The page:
Getting the Campaign Itch – Early Draft of Campaign Rules

Howdy everyone.  Severus here, and today I wanted to share with you my most recent creations.  I have been feeling some hobby boredom lately.  Don’t get me wrong, I love playing games with the guys, but I was just wanting something more out of it.  I miss playing in the campaigns we used to do a few years ago.  Then the obvious solution hit me, I should make my own campaign.

Let’s back up.  I am a horrible story teller.  I have never been interested in role playing or re-creating battles from previous fluff.  I love setting up a scenario with a little fluff and then just letting it go and see how it evolves.  So for me, running a campaign is more about designing a system that will let a story evolve.  I was never terribly good at making a story and designing a series of missions to fit.  So, with that in mind I decided to sit down and try to make a set of campaign rules that had a nice strong rule set that allowed for some interesting stories to evolve.

Here is what I have come up with.  Feel free to leave me some feedback (keep in mind, my goal is to keep the system simple and straight forward).  If you want to steal the idea and run with it, be my guest.  My goal is to try to run this system with 4-6 guys and see how it hold up.

The following image represents the game board.  It is 61 tiles, so it is a little larger than a set of planetary empires.  You can use a large print out of this or whatever game board you have handy.

Game board Editted



X = Army Starting Space

3 = Tile worth 3 points instead of 1

5 = Tile worth 5 points instead of 1


Players select a primary faction and a secondary faction (secondary factions are optional).  Examples of factions include Orks, Tau, Space Marines with the same chapter tactic, Farsight Enclave, ect.  Players roll for priority (2d6, highest has priority, re-roll any ties).  Players take turns, based on priority order, choosing starting tiles.  Each player starts the game with 3 armies located in their starting tile.  Starting tiles are always captured by there respective player.  After starting tiles are selected, players begin round 1.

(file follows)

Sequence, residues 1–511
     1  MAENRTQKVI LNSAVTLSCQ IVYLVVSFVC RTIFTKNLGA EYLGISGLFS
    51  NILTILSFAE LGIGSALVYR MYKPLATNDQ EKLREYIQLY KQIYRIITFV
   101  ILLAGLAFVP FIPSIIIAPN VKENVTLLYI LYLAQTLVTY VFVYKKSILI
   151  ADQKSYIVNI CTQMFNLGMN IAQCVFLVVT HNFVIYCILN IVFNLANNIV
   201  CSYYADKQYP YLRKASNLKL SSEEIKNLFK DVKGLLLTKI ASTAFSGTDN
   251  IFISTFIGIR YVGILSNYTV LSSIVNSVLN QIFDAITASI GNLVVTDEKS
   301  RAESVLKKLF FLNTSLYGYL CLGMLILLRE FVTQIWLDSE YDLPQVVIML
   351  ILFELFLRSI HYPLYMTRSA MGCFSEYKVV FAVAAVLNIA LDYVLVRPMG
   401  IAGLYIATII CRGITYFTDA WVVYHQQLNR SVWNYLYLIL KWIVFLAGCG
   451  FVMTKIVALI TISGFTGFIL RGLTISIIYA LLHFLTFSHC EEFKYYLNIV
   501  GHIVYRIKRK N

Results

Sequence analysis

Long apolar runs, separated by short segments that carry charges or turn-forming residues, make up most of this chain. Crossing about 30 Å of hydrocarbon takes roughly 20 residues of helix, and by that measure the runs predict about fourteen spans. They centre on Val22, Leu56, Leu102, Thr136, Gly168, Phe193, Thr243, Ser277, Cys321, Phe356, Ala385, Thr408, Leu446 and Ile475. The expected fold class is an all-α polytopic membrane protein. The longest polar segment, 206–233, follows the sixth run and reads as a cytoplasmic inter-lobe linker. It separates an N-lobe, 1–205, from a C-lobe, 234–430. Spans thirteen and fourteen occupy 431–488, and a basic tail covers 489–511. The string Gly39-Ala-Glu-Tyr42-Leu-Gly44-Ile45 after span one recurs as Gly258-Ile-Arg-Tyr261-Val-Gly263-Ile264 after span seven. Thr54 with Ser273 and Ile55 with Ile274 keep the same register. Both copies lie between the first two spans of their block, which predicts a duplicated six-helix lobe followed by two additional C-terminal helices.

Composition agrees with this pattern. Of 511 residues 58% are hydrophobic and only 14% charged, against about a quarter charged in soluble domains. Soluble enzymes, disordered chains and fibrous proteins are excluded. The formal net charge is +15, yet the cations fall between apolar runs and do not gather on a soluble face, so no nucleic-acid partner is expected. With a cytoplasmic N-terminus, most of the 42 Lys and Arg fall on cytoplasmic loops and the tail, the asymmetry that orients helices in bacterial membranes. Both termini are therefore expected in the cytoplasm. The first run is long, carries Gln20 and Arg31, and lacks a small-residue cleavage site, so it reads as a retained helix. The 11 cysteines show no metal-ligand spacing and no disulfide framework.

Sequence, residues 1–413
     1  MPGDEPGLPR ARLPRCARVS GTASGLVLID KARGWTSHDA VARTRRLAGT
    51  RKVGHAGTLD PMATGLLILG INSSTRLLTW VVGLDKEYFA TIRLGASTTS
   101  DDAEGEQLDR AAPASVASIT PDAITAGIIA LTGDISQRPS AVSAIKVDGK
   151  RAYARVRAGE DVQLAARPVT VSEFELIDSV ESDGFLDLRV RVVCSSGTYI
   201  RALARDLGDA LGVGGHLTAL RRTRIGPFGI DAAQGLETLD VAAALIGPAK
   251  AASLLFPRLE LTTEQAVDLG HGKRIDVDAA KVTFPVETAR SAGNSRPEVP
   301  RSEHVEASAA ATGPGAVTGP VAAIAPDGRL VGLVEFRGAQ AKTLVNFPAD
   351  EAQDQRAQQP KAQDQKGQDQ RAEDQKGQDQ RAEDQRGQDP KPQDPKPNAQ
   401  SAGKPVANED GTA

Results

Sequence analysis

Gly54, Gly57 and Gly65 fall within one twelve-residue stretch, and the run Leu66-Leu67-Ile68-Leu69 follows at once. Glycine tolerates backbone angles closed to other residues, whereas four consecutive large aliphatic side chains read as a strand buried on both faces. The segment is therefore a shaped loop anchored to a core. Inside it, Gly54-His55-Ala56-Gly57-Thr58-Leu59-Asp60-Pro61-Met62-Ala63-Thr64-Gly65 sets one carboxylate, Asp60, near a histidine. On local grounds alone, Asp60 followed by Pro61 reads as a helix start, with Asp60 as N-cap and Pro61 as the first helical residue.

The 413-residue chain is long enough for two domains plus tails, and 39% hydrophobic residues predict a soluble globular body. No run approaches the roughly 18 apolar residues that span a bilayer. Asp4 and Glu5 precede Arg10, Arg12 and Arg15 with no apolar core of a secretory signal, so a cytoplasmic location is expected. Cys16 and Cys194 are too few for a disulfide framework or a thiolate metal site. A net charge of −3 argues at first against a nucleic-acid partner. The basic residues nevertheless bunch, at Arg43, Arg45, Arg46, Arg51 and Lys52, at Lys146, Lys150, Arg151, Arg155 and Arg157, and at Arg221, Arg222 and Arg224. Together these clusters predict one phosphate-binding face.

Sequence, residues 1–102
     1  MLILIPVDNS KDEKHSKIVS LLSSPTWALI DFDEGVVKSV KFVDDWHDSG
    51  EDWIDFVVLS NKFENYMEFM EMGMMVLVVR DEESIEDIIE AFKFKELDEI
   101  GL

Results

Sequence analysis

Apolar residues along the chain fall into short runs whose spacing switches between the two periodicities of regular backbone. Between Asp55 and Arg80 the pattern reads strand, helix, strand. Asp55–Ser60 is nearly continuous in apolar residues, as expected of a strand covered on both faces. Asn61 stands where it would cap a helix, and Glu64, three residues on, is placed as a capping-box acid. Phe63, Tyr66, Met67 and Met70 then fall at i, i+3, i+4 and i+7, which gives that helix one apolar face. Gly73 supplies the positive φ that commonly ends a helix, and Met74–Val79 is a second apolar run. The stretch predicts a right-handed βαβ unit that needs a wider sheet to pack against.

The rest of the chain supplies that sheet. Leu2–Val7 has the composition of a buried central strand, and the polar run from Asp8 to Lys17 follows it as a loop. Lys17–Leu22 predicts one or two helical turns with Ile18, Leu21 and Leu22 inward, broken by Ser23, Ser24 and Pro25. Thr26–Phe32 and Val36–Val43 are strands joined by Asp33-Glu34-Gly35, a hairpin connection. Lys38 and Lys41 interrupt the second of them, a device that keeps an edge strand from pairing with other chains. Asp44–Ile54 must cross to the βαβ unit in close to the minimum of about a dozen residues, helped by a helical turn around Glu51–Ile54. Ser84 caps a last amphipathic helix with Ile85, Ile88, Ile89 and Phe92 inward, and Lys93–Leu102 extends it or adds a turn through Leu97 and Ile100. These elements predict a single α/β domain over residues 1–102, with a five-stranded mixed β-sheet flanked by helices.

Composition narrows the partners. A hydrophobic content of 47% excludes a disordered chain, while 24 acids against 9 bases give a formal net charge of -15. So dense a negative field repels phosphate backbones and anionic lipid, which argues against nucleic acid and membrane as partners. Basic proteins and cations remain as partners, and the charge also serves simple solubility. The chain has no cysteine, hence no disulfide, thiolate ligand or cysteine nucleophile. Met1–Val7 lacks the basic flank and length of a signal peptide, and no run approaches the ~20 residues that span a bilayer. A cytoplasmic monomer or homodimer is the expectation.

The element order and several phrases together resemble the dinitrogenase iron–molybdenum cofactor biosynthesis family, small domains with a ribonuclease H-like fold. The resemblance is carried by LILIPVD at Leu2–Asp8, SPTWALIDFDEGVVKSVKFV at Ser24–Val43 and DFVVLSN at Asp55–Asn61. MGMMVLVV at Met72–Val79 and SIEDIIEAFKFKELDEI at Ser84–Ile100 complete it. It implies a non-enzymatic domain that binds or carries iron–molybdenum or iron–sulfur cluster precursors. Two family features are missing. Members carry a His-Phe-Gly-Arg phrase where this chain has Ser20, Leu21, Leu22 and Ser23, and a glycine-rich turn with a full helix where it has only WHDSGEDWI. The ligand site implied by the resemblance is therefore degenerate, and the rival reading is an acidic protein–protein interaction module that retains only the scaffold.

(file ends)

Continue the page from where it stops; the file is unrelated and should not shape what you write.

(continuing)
Players roll for priority (2d6, highest has priority, re-roll any ties).  Players take turns, based on priority order, moving a single army.  Armies can move two tiles per turn.  Any tile that has an army move through it or stop in it is automatically captured by that army.  Armies stop moving as soon as they enter a tile captured by an enemy.  Starting spaces can never be captured by an enemy army and enemy armies can not move through them.

If two opposing armies ever occupy the same tile, both armies are prevented from moving for the rest of the round.  A battle must be fought to determine who will capture that tile.  Battles are fought at the end of a round before points are scored.  The winner stays in the tile and captures it.  The loser is pushed back to the nearest friendly space (controlling player’s choice).  No more than 2 armies can battle in a single space during a turn.

Once each player has finished moving one army, the process is repeated until all armies are moved.  Players can elect to not move an army (pass) but if they do so they can not move any army for the rest of the round.  Each army can only move once per round.